Red Hat Canonical Package Wars Claims Another Victim
TechRights.org's Dr. Roy Schestowitz blogged today that Red Hat was "bashing the media" for covering Canonical's Snap packaging. In related news, Matthias Klumpp has suspended development of Limba, a cross-platform package management system similar to Flatpak, in deference to Snap and Flatpak. On Snap, Christine Hall touched on a thought that needs to be reported as well. On the other side of town, Dominique Leuenberger shared a bit of Tumbleweed news and Mike Saunders posted on the progress of the Document Liberation Project.
Dr. Roy Schestowitz, from TechRights.org and Tuxmachines.org, today reacted to the brouhaha brewing between the Red Hat Fedora and Canonical Ubuntu groups for the top spot in cross-distribution software package delivery. He's upset because Fedora developers and managers seem to be attacking the press, of which he considers himself a part, over their coverage of Canonical's latest big announcement. Canonical announced earlier this week that their Snap packages will work on several other popular distributions. Apparently, Fedora developers were hoping Flatpak would the community choice for this technology and some lambasted the press for not covering Flatpak with the same enthusiam and frequency as Snap. Schestowitz said that the press and especially individual reporters should not be attacked for their coverage and bullied into covering something advantageously for one big project or another. He didn't just single out Red Hat/Fedora, he said Canonical has done the same thing. "They want the media to take sides and get upset that the media isn't telling the story the way they want it to," he said. "Red Hat will need to learn to respect the media or earn no respect in return. They need to work better with the media or have no media at all, except that which they pay for." He said he's almost stopped covering Linux stories because of this.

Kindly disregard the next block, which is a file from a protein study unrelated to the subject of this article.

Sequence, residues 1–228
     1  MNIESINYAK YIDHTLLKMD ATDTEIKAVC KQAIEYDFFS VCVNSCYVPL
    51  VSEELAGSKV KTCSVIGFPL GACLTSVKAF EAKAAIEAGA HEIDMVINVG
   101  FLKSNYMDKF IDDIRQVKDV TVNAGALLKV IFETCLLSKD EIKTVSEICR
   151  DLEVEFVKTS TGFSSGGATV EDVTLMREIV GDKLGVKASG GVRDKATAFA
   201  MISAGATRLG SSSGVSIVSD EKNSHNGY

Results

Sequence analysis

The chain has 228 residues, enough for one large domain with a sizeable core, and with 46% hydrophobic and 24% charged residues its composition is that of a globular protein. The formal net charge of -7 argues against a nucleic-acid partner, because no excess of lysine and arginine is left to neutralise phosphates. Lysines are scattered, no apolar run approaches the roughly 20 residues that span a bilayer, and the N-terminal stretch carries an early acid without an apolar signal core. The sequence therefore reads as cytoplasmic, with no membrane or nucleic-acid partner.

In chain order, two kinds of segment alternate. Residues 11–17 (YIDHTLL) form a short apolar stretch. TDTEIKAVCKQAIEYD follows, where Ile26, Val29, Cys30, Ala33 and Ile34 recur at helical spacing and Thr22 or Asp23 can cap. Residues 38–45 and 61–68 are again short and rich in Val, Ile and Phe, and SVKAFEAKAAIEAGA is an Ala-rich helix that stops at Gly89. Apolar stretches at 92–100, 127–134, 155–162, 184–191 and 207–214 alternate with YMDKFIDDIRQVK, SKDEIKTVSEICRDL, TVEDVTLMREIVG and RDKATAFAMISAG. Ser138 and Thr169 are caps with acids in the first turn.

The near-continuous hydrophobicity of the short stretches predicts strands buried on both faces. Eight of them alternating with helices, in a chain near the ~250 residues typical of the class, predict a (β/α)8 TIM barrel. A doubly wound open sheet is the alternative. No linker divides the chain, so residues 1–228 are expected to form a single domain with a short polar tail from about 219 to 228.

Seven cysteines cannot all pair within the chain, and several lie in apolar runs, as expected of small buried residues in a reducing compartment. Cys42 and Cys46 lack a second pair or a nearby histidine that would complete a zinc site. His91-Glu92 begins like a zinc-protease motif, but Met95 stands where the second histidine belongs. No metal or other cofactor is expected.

Christine Hall in covering the Snap announcement today said there may be a downside to all this cross-distribution package utopia. "Be on the lookout to see if this eventually brings crapware to Linux." By crapware I imagine she means adware, spyware, all kinds of extra software in the packages, and a desktop full of icons. When I read of Snaps I joked to myself, "Wonder when Linux will get a registry?" But spyware is inevitable I suppose.
Matthias Klumpp today said, sounding a bit sad, that he was going to slow development of his Limba package delivery system due to the competition from and apparent winners Snap and Flatpak. He said unlike those, his system was modular allowing libraries and toolkits to be used by other apps and updated independently - a superior system he thinks. Development will be slowed to the point he considers it a "research project" now.
All I can say is: Come on Slackware 14.2! Speaking of which, Slackware-current got more updates yesterday and today. GD got a security upgrade and PHP had a compile option added. ImageMagick was rebuilt for the new GD libraries. Come on, it smells done to me.
In other news: